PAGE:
The Yazid of today must be repelled the same way. Now, this chain of transmission does not need an analysis except for the biography of Malik al-Juhani, for the biographies of Muhammad bin Isma’il and Salih bin ‘Uqba have already been presented. This is the first Ziarat of Ashura and the better known ziarat which is recited.
However, the two other reports both state the text of the salutation. Thus what Muhaqqiq al-Tustari assumed is incorrect. The reward of each major and minor pilgrimage and military expedition will be akin to having undertaken them with the Prophet of Allah and the Rightly Guided Imams.” The narrator said: “May I be ransomed for you, but what about him who lives in far and distant lands and is unable to travel there (i.e. Just this does not establish his trustworthiness, you can also ask a trustworthy person about something and say to him: Your words are against the words of Zayd from the people, and Zayd is unknown to you, there is no evidence to his weakness nor his trustworthiness, and he answers you that he heard it from the Imam, so what evidence is there in this to establish trustworthiness [of Zayd]? The scholars of the science of Rijal such as Seyyid Bahr al-‘Ulum al-Tabatabai (d 1212 A.H. / 1797 A.D.) have relied on this general rule. Shaykh Saduq narrates from him with appreciation and satisfaction, and the teachers do not need further verification.

Shaykh Tusi did not elucidate his reliability; rather other evidences prove his trustworthiness. Whilst those who narrate from him include: Muhammad bin al-Husayn bin Abi al-Khattab and his son (i.e.
Therefore whether we invoke curse on them, or not they will always be distanced from the mercy of Allah (SwT), due to the seeds of mischief that they had sown in this world. These include: 1) ‘Ali bin al-Hasan bin al-Fadhdhal 2) Sa’d bin ‘Abdillah al-Qummi 3) Hamid bin Ziyad: Shaykh Tusi says in his Fihrist that: Hamid transmits many Usul from Muhammad bin Khalid al-Tayalisi (who is) also known by the epithet of Abu ‘Abdillah. But the possibility of there being a ziyara for the 10th day, is already of very high probability even without this consensus, because it is unlikely that the Imams did not visit him on this sacred day.But if this [usage of the consensus] is intended to infer this specific narration of the Ziyara, then it is on the premise that they acted on this narration, and establishing that [they acted on it] is difficult, and if someone accepts [this assumption], it will be a consensus based on observation, in which they relied on the existence of narrations [as proving that the scholars acted on it], so it has no hujjiyah [probative force], and some comments related to this point will come in our final words, God willing. As for Muhammad bin Khalid al-Tayalisi, Shaykh Tusi has considered him in his Rijal to be one of the companions of al-Kadhim (a.s.). Except for someone who is on the methodology we mentioned earlier [Akhbari], which the great scholar has practiced here… and our comments on this have been provided earlier.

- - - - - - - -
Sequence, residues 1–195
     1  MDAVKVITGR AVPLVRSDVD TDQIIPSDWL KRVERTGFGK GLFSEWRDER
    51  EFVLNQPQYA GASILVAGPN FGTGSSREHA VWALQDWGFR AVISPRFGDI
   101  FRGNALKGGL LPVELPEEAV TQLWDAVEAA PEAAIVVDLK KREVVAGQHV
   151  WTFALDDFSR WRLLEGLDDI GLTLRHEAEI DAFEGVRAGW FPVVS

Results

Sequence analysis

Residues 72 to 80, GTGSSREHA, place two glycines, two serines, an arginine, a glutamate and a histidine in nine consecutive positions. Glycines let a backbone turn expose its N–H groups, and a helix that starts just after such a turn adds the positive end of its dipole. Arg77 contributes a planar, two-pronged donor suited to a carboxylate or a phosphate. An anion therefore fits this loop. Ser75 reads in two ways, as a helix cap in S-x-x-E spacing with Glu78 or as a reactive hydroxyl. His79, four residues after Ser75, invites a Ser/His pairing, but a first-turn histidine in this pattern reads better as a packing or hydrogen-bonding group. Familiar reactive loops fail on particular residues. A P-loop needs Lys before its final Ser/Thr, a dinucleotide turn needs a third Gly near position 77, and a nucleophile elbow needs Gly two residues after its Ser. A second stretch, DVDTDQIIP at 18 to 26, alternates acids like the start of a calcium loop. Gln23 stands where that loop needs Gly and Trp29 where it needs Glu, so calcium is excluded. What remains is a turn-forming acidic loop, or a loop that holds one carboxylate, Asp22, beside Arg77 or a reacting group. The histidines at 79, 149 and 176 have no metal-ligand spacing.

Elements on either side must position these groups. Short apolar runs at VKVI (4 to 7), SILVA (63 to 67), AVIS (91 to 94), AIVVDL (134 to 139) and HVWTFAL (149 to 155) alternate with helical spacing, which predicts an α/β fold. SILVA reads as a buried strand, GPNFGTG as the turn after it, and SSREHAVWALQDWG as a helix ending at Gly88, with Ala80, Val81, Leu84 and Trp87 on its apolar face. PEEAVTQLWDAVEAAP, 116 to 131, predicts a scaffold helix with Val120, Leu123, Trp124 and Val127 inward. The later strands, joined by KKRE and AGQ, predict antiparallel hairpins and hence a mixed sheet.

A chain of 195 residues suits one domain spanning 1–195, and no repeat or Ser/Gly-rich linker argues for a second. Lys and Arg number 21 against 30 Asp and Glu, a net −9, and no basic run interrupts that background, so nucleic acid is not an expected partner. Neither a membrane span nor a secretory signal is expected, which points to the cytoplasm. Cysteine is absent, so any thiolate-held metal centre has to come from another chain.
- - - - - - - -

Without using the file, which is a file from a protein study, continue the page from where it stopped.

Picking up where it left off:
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Nor is this accepted by Sayed al-Khoei, who considered hundreds of narrators to be unknown, regardless of them being mentioned in the books of Shaykh al-Najashi and Shaykh al-Tusi [without explicit authentication], even though al-Tusi and al-Najashi weakened dozens of people in these two books.Yes, the inference that the narrator is an Imami Shi’a is perhaps conceivable, but establishing his trustworthiness because of merely mentioning his name among the names of the Shiite authors is no argument at all, especially since the books of al-Tusi and al-Najashi were authored to show the names of the authors and their works, they did not attempt to always show the conditions of a narrator.Unless by general commendation it is meant that he is an Imami, and this does not benefit us here, as our purpose is to prove the reliability of his narrating.In addition, being among those narrated from by some great narrators, such as Ibn Bazee’, is not evidence of his trustworthiness according to most of the scholars, including Sayed al-Khoei and others, because the narrators sometimes narrate for the sake of the collection of the hadith legacy/herritage and not [selectively narrating] depending on their beliefs, and it was alluded to by Ibn Idris Al-Hilli in the book al-Sarair while commenting on the book al-Nihaya by al-Tusi in multiple places.But in any case, Salih bin ‘Uqba is considered trustworthy according to Sayed al-Khoei because of his presence in the chains of Tafsir al-Qummi.